A 50-year-old woman was rushed to the hospital. She was severely weak and began having trouble breathing.
By the time she got to the hospital she had pinpoint pupils and was sweating profusely. Within an hour she stopped breathing, and went into a coma. The doctors placed a breathing tube in her windpipe, and attached her to a respirator.
But what was wrong with her? The doctors didn't have a clue. Then an alert nurse noticed that the woman had a peculiar smell coming from her hair. The odor resembled garlic, and to the nurse it smelled like insecticide.
The doctors diagnosed her with organophosphate pesticide poisoning. They immediately treated her with two drugs, atropine and 2-PAM, to reverse the effects of the poison. Each time she received the medications she awoke and improved. But then immediately stopped breathing and went back into a coma again. The nurses washed her skin and shampooed her hair several times, but this had no lasting effect.
Finally, since the primary contamination seemed to be in her hair, the nurses shaved her head. It was only then that she steadily improved. She regained consciousness, and was able to breathe on her own. Eventually, the doctors weaned her off her medicines.
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When the initial blood tests returned, they verified that the nurse was correct. The woman was poisoned with an organophosphate insecticide. But how? How did her hair have enough insecticide to almost kill her? The answer came from the patient when she was finally able to talk.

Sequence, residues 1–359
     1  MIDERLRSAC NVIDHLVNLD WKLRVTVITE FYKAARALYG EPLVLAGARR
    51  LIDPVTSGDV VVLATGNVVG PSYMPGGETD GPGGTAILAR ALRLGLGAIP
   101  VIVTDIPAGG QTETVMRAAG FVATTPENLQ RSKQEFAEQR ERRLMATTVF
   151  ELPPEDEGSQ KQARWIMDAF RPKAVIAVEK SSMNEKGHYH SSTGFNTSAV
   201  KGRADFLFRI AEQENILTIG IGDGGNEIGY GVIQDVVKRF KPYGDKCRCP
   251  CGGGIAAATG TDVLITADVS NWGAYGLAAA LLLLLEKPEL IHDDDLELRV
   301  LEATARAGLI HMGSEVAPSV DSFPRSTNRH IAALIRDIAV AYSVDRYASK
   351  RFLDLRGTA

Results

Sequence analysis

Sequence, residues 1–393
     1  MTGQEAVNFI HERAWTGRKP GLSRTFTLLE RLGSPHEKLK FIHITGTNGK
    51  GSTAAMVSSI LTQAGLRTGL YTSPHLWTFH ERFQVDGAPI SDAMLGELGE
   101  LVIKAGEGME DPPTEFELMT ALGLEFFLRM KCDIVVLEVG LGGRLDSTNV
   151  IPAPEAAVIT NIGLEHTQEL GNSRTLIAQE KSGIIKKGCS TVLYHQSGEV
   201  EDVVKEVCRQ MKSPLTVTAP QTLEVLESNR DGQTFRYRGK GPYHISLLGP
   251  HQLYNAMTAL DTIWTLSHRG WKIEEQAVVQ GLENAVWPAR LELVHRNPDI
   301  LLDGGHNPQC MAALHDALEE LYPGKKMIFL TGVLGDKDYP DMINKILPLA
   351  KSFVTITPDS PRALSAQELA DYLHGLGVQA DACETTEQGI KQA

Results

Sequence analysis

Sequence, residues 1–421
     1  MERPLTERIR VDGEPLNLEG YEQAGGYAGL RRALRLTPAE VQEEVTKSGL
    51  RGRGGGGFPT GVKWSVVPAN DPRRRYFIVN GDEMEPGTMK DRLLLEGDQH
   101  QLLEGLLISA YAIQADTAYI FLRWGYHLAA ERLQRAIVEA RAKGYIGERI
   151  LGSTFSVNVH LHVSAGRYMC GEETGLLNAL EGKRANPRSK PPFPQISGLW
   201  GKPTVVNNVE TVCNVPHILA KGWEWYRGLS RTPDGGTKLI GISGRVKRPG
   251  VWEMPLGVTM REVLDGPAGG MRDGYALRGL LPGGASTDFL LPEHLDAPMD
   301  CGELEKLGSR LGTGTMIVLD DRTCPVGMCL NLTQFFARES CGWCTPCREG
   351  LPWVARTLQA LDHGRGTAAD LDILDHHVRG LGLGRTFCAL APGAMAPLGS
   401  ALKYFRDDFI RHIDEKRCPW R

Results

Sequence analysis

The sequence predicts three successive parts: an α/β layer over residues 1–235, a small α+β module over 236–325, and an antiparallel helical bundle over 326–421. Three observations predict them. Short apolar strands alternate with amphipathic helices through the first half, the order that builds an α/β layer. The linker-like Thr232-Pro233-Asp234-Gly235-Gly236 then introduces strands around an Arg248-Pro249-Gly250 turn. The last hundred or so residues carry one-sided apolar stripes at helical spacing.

She remembered that just before she became ill, her neighbor shampooed her hair. The hospital contacted the neighbor and asked her to bring in the shampoo she used. Chagrined, she showed up with two containers. One held shampoo. The other, a similar bottle, contained an organophosphate insecticide. Both receptacles were the same size. The labels were old and blurred.
"I must have used the wrong one," she said when she learned that her friend almost died from insecticide poisoning.
Her friend was very lucky this high-dose of poison didn't kill her. We know that even low levels of these pesticides can cause Parkinson's disease, birth defects, male infertility, and even multiple sclerosis in susceptible people. The problem is that we don't have a way of determining who is susceptible and who isn't.
So the most common sense attitude to take is to just avoid them. In addition, make sure that your children and grandchildren do not run barefoot on lawns that have these pesticides sprayed on them. The same goes for your dogs.
Yours for better health,
Frank Shallenberger, MD
Larry Zaroff, MD and Jonathan Zaroff, MD. "Is There a Barber in the House?" December 19, 2006.